Judge Lenihan recently addressed the factual situation presented here, in which a defendant attempted to argue that its recently filed federal case provided the means for removal of a related case from state court under the supplemental jurisdiction statute, 28 U.S.C. § 1367, so that the matters could be consolidated. Noting that the defendants had "put the proverbial cart before the horse," she stated:

Under 28 U.S.C. § 1367(a), a federal court may, in its discretion, exercise supplemental jurisdiction over state law claims that are so related to the claims over which the federal court has original jurisdiction. However, those state law claims must be contained in the same action as the federal claim. 28 U.S.C. § 1367(a) ("the district courts shall have supplemental jurisdiction over all other claims that are so related to claims in the action within such original jurisdiction that they form part of the same case or controversy under Article III of the United States Constitution." (emphasis added)); see also In Re Estate of Tabas, 879 F. Supp. 464, 467 (E.D. Pa. 1995) (noting that § 1367(a) distinguishes between actions and claims); Charles A. Wright et al., 14B Federal Practice & Procedure Juris. § 3722 (4th ed.). It is well established that supplemental jurisdiction over state law claims does not provide an independent basis for removal jurisdiction. Ditullio v. Universal Underwriters Ins. Co., Civ. A. No. 03-0239, 2003 WL 21973324, *5 (E.D. Pa. June 6, 2003).

Moe G. Enters., LLC v. Fontana, 2011 WL 98553, at *4 (W.D. Pa. Jan. 12, 2011) (Lenihan, M.J.) (some citations omitted).

Wharton cites Exxon Mobile Corp. v. Allapattah Services, Inc., 545 U.S. 546 (2005). In that case, the Supreme Court held that the supplemental jurisdiction statute, 28 U.S.C. § 1367, permits the exercise of diversity jurisdiction over additional plaintiffs who fail to satisfy the minimum amount in controversy requirement, so long as other elements of diversity are present and at least one named plaintiff satisfies the amount in controversy requirement. That principal has no application here, because there is only one plaintiff and one defendant. The Supreme Court did not hold that a defendant may remove a case on the basis that the claims therein could have been asserted as counterclaims to a different case already filed in federal court.*fn20 On the contrary, courts have specifically held that "[a]n already-existing federal action cannot provide the mechanism for removal of a non-removable state-court action." Tabas. 879 F. Supp. at 467. Therefore, Dunn's motion to remand will be granted.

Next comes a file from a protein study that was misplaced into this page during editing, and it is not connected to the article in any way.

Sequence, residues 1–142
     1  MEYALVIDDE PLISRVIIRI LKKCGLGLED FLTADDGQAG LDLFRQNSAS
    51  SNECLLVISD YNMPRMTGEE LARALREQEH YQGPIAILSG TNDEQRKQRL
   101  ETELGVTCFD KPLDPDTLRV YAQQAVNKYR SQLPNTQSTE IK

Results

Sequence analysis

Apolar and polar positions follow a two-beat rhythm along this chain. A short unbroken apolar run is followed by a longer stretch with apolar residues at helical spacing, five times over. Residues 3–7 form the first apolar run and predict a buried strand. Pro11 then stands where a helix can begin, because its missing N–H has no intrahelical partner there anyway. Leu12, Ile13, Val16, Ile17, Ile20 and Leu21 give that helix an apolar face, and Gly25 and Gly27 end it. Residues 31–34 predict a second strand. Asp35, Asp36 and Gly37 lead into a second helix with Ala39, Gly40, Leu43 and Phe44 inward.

Costs and Expenses

Section 1447 provides that: "An order remanding the case may require payment of just costs and any actual expenses, including attorney fees, incurred as a result of the removal." 28 U.S.C. § 1447(c). Dunn states that it spent 5.5 hours of legal work in review, research and drafting of the motion to remand and an additional 8.75 hours in drafting the brief in support and it seeks the sum of $3,562.50 in reimbursement. Wharton responds that an award of fees is inappropriate because removal was proper and Dunn's opposition to the removal of the case has caused additional expenses to be incurred.

The Supreme Court has held that, "courts may award attorney's fees under § 1447(c) only where the removing party lacked an objectively reasonable basis for seeking removal." Martin v. Franklin Capital Corp., 546 U.S. 132, 141 (2005). In this case, Wharton lacked an objectively reasonable basis for removal, as it cited to "ancillary" jurisdiction and not the Court's original jurisdiction. See Moe G. Enters., 2011 WL 98553, at *7 (citing cases and concluding that when a defendant attempts to remove relying upon an objectively unreasonable basis, such as § 1367, costs are appropriate). "In awarding costs and fees under § 1447(c) when ordering remand, it is not necessary for the court to find that the removing party acted dilatorily or in bad faith." Id. (citation omitted). Because Wharton has provided no recognized argument for removal of this action and because Dunn's request for attorney fees appears reasonable, its request will be granted.

Because removal of this case was improper, it will be remanded to the Court of Common Pleas of Greene County, Pennsylvania and Plaintiff's request for attorney fees incurred will be granted. An appropriate order follows.

ORDER

AND NOW, this 30th day of March, 2011, for the reasons stated above,

IT IS HEREBY ORDERED that the motion to remand filed by the Plaintiff, Joseph L. Dunn Oil and Gas (Docket No. 3) is granted and this action is remanded to the Court of Common Pleas of Greene County, Pennsylvania, forthwith.

IT IS FURTHER ORDERED that the Defendant, R.L. Wharton Enterprises, Ltd., shall reimburse the Plaintiff, Joseph L. Dunn Oil and Gas, the amount of $3,562.50 in attorney fees it spent in review, research and drafting of the motion to remand and brief in support.

Robert C. Mitchell